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Women essential to peace says UN


women in peace negotiations vital, UN resolutionNew measures highlight increasing global recognition of roles women play in conflict resolution.

Resolution 2122 is the seventh text passed by the United Nations (UN) over the last 13 years that addresses the ‘participation aspects’ of women in the international peace and security agenda.

This reflects a growing determination that the vital roles women play in conflict prevention and resolution are no longer ignored.

The resolution explicitly links gender equality with international peace and security and calls on Member States to fund and support work that develops women’s leadership, for ‘full participation in all levels of decision-making.’

‘Sustainable peace requires an integrated approach based on coherence between political, security, development, human rights, including gender equality, and rule of law and justice activities.’

Hailed by the Women’s International League for Peace and Freedom (WILPF) as a high water mark in Women, Peace and Security commitments, the UN Security Council’s unanimous adoption of the resolution aims ‘to change the business as usual approach’ of conflict resolution and peace building.

The UN itself recognised the need for improvement in its own work; Ban Ki-Moon, Secretary General of the United Nations, welcomed ‘calls for concrete actions to increase the number of women involved in peacemaking [as well as] to improve the way in which the Council and other entities address gender issues.’

That intent was emphasised by the point in the resolution announcing the UN’s plans ‘to increase its attention to women, peace and security issues in all relevant thematic areas of work on its agenda.’

One of the most meaningful measures is the resolution’s clarion call for funding and humanitarian aid to include ‘access to the full range of sexual and reproductive health services, including regarding pregnancies resulting from rape, without discrimination.’

Other important calls for action centre around the need for more regular briefings and reports, with an emphasis on timely information and analysis.

Senior officials, including special envoys and representatives, have been tasked with providing the Security Council with more frequent updates on ‘issues relevant to women, peace and security, including implementation [and] on progress in inviting women to participate.’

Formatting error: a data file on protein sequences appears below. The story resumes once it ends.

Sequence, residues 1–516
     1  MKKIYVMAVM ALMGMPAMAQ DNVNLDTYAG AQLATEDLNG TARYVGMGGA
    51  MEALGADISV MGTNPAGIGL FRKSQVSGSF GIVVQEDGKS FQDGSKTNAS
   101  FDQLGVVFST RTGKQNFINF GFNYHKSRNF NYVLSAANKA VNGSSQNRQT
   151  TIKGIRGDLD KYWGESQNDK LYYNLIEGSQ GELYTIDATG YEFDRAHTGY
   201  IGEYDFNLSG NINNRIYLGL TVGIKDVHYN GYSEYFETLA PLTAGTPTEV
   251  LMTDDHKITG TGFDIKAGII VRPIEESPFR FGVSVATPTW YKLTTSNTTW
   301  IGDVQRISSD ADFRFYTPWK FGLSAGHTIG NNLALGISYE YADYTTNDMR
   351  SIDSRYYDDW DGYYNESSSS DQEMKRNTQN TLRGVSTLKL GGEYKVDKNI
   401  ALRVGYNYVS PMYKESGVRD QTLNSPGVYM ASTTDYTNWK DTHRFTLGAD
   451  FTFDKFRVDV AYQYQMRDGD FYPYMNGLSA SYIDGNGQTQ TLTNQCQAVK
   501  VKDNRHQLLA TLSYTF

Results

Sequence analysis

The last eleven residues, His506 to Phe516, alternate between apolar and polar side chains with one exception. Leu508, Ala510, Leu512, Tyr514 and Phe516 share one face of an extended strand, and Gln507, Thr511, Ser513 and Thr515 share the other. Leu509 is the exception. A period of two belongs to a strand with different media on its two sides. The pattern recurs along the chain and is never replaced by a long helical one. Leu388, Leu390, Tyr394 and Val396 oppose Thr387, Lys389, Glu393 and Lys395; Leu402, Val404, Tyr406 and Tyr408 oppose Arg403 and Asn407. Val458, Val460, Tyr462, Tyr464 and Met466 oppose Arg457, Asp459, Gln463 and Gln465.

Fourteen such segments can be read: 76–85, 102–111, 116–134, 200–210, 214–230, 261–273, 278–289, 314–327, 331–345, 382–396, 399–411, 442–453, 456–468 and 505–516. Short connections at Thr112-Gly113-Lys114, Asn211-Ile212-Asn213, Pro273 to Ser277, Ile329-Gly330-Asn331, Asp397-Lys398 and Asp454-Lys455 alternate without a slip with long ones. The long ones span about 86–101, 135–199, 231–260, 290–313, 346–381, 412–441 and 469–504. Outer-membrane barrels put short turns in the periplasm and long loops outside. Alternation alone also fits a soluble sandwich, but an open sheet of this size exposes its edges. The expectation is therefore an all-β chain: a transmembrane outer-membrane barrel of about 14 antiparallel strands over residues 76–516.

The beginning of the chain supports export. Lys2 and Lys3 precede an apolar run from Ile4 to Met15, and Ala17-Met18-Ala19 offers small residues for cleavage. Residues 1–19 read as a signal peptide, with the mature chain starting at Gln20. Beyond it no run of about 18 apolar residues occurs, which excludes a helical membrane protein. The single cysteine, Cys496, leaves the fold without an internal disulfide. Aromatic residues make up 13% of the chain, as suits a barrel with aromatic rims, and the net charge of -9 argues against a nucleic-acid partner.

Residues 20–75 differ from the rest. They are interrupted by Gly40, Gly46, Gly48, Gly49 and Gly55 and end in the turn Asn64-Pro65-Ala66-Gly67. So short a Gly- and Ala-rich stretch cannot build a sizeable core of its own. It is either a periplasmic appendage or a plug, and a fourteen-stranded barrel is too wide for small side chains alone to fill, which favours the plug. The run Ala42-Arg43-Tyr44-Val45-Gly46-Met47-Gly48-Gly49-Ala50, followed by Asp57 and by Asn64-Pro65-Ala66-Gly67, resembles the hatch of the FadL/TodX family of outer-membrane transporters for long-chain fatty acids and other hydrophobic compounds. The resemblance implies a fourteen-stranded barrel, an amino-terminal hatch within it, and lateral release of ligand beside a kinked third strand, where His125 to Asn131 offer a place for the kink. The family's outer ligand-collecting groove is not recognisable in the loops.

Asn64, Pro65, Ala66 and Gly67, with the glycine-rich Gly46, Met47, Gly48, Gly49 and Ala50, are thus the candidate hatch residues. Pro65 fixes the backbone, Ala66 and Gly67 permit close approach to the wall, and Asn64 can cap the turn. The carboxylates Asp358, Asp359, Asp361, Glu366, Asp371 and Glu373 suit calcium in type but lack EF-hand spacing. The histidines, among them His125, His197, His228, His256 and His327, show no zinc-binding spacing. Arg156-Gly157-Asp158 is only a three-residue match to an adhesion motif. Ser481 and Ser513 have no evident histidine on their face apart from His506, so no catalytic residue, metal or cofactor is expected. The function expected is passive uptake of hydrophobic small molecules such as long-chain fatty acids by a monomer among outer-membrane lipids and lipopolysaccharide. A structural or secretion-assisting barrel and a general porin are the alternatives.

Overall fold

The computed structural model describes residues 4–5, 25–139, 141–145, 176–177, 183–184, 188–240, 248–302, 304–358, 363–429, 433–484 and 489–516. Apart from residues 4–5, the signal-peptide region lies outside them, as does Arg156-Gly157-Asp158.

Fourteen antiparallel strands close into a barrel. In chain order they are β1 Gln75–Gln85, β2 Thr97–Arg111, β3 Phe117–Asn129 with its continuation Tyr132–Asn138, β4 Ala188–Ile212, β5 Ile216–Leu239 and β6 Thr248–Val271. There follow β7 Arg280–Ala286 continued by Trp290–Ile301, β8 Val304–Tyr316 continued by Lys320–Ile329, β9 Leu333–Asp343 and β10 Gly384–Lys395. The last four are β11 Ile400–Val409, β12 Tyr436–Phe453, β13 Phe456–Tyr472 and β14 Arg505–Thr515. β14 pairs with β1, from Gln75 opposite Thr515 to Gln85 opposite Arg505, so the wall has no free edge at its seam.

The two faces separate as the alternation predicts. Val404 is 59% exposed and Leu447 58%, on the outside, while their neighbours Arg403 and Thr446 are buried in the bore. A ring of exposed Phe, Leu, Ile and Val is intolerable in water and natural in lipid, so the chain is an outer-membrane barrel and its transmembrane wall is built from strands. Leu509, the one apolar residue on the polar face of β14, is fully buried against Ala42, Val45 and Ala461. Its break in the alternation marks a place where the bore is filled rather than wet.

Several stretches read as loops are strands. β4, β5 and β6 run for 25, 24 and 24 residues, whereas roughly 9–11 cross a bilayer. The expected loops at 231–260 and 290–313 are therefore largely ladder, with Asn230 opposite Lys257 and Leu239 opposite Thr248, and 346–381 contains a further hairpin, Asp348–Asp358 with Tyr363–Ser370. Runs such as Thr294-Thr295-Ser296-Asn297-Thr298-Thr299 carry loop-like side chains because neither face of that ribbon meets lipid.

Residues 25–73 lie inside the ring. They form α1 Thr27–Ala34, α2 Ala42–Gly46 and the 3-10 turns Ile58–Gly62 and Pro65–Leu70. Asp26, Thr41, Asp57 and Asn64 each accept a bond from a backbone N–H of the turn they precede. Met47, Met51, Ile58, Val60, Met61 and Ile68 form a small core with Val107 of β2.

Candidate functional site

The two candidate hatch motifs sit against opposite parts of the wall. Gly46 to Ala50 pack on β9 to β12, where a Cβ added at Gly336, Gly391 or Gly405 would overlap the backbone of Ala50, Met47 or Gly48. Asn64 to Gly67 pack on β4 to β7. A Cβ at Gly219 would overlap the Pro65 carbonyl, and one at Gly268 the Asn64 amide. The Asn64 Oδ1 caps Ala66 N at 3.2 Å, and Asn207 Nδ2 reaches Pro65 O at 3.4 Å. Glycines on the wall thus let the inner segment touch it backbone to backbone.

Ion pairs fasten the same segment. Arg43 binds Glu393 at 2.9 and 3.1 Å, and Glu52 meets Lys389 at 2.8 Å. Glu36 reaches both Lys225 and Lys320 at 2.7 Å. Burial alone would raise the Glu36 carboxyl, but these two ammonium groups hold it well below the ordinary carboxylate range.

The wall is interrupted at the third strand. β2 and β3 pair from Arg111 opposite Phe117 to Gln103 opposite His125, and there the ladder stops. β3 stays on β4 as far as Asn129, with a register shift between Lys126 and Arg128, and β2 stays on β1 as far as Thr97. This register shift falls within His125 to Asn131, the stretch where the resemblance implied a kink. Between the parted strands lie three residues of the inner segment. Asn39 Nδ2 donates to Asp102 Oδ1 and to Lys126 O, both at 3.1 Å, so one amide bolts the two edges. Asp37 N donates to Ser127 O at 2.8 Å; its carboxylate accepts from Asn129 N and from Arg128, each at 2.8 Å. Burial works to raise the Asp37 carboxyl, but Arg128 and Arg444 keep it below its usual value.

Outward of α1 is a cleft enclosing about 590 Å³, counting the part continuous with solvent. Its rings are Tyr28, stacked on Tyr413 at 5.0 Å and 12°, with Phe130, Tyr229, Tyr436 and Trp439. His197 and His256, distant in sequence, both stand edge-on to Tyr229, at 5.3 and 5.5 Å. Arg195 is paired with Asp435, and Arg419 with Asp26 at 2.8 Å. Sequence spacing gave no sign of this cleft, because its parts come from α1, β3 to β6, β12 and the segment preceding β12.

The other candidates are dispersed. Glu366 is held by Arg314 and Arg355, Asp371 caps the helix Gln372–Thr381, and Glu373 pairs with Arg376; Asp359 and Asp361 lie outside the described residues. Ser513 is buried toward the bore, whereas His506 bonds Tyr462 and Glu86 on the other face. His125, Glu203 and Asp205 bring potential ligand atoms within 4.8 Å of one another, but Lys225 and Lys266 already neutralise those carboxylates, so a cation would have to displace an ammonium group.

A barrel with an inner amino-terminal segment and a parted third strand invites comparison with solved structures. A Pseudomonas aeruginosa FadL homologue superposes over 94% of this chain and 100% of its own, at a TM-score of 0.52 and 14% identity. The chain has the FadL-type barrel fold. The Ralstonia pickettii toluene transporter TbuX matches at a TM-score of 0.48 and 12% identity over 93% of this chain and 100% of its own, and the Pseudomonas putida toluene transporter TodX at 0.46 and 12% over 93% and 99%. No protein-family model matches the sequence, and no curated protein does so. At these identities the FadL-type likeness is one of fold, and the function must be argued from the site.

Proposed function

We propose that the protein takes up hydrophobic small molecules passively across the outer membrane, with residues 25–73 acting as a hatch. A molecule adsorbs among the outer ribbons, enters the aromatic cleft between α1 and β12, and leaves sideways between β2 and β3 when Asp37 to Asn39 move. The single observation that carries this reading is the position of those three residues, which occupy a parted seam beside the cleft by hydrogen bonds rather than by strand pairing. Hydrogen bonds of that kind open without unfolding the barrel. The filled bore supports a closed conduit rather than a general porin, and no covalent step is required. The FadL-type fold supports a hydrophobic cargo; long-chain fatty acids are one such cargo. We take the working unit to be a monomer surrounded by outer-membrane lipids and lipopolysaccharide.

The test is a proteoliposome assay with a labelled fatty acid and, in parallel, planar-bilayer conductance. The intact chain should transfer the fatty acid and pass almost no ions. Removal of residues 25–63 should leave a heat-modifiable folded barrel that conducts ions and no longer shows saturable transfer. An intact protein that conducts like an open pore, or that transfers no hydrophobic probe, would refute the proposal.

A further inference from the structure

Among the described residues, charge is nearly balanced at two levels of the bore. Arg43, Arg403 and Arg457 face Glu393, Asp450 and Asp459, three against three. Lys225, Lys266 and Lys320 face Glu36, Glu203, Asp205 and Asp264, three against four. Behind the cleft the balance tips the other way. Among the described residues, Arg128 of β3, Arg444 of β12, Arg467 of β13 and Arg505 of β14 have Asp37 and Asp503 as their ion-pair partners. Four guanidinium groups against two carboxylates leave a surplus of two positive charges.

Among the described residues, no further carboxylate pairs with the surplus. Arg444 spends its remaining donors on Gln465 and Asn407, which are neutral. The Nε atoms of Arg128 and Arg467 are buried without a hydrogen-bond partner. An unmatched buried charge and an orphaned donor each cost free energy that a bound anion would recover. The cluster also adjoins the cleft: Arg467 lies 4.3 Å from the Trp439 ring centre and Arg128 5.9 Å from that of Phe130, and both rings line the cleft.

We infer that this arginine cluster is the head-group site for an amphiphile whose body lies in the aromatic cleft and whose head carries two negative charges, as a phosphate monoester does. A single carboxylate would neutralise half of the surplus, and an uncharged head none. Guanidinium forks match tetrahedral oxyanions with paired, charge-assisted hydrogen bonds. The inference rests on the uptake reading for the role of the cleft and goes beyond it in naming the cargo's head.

The resolution also makes clear the importance of women’s groups, requesting that all missions ‘regularly consult with women’s organisations and women leaders, including socially and/or economically excluded groups of women.’

While acknowledging the importance of women’s organisations, the Global Partnership for Prevention of Armed Conflict (GPPAC) points to difficulties it has had in securing funding for its work because it is not a women-only organisation.

It warns that this practice ‘misses valuable input from feminist practice and ideas on preventing violent conflict, both from civil society and decision makers [and] risks reinforcing tendencies to treat gender as a separate issue from broader peacebuilding processes.’

As a further push for change, resolution 2122 confirms the Security Council’s plans for a High Level review in 2015 of resolution 1325, the resolution passed in 2000 that started the process of stressing the importance of women’s equal and full participation in the maintenance and promotion of peace and security.

The review will assess progress at the global, regional and national levels and will include a global study identifying ongoing problems, challenges, trends, priorities and examples of good practice.

As Marten Grunditz, Sweden’s representative at the Security Council meeting, said, ‘Let us underline that gender justice is not merely about women’s needs as victims, but also about women’s valuable contributions to bringing about peace and their participation at the forefront in transitional justice and rule of law measures.’

Amina Smaila, Nigeria’s representative at the meeting, agreed, saying that was was needed was ‘strong advocacy to break the culture of silence and promote zero tolerance across the globe [as] fundamental [steps] to restoring the rights and dignity of women in all circumstances.’

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